Can you identify the problem here?
A tight fit!
Notice the riser running behind the rack.?
This is a big building. Stretching from the rig is great...have you preplanned the lengths needed? Would you not use a standpipe in a high rise? If nothing else, these hose connections are great for mop up since this is a sprinklered building.
Make sure you get all the built-in fire protection you deserve.
Has the business changed? Was the system designed or changed to fit for the current fire load and occupancy? Forcing yourself to be working in or near these racks puts you at greater risk with the weight and fire loads they carry. We are there to save lives at put out a fire, but once it is determined that no life hazard other than our own exists these racks are still a hazard zone. We must come up with a safer and more effective plan of attack. Even after the fire is out the hazard of collapse still exists. If you already have an engine hose deployed and in use don’t monkey with what is already working by going to the standpipe for mop up. Reduce the size of the last length of hose at that point. I don't think these should ever be used for fire attack they leave you with no point of refuge, path to escape, or path to be found by RIT if conditions rapidly change. Most times theses standpipes have PRDs designed to restrict the flow for a 1 1/2" hose. Hose that we should not used by us because its reliability can be in question and the needed GPMs may not be available. If you have preplanning, good incident analysis, situational awareness and a good size up you should find an entrance and escape path nearest to the fire. An engine lead out will provide you your hose line to get out of the building.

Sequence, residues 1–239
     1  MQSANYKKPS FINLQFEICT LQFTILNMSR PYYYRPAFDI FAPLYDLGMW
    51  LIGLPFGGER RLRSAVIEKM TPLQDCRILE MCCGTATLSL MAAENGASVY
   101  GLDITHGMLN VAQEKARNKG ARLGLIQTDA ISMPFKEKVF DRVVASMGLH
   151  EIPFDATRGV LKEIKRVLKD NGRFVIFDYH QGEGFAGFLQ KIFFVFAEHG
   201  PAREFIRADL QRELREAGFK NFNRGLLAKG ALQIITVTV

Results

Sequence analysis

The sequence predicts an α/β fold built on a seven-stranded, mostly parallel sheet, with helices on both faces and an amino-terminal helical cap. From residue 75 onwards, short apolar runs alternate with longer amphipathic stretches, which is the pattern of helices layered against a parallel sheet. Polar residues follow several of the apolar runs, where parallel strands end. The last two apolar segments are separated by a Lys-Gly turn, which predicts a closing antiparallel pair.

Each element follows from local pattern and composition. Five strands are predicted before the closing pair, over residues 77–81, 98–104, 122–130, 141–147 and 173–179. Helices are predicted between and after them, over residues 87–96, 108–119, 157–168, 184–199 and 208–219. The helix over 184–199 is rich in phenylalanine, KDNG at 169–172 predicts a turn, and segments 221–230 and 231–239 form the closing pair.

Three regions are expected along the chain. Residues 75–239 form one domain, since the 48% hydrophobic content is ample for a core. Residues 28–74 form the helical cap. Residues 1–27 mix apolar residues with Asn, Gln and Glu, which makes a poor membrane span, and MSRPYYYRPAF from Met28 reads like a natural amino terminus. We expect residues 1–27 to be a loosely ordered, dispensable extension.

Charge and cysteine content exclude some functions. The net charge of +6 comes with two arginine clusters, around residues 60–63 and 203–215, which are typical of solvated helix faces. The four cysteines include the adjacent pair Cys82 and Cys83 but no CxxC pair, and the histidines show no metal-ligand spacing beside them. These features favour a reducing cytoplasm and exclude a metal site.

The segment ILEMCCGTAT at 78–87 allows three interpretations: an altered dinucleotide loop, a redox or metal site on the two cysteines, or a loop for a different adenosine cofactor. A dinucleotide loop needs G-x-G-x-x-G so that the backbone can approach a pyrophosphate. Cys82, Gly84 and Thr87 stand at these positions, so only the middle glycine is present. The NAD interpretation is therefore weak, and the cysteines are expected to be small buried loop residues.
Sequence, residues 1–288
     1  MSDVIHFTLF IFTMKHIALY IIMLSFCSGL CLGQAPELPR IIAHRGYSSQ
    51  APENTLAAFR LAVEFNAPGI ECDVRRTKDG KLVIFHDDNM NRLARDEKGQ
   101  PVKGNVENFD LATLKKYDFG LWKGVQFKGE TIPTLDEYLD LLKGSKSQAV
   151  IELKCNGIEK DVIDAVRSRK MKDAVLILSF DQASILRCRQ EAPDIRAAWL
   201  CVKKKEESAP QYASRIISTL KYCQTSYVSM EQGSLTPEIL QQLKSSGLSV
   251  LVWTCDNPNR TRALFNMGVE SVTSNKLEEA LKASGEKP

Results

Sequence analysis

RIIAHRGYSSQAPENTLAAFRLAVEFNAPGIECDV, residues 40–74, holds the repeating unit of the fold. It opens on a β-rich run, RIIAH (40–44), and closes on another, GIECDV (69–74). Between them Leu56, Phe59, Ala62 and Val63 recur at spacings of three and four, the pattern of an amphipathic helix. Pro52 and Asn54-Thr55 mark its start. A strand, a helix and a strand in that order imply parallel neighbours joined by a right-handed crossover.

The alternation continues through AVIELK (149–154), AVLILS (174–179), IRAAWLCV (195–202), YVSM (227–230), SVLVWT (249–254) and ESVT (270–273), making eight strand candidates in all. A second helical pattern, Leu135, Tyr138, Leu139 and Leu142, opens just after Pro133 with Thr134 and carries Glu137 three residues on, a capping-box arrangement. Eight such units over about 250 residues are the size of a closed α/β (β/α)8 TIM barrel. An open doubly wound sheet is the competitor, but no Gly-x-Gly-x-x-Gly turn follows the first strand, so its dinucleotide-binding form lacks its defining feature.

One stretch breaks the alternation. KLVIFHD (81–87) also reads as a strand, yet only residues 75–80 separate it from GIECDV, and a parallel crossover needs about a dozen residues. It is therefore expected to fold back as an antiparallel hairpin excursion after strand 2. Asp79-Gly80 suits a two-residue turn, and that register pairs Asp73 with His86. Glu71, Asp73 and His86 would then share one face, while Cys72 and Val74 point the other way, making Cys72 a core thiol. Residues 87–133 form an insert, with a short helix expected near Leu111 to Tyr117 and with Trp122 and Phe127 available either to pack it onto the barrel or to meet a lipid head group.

In cases where the standpipe is the only option as in a high rise with stair wells that is what we must use. If that fails we may have to go well below the fire floor or create our own stand pipe through use of our ladder pipe. So with that being said if we have to use it and have a point of refuge not having the luxury of an exit hose line connected directly to the engine to find our way out it’s the right application. I know I have checked my equipment. I can’t say the same thing for a hose drop standpipe including the additional risks and hazards associated with using a hose drop on the fire floor. I believe that it is a golden rule to only lead out from an engine for ground floor level and basement fires.
The conversion of hose drops in warehouses/big box stores came up at the firehouse the other day. The final questions were whether we would use them? Do we know if they are tested? If we do use them and conditions start to change, we can not follow the hose line out of the building. Under smoke conditions, will we be able to find the hose drops? I think it would be safer and faster to lead out from the engine.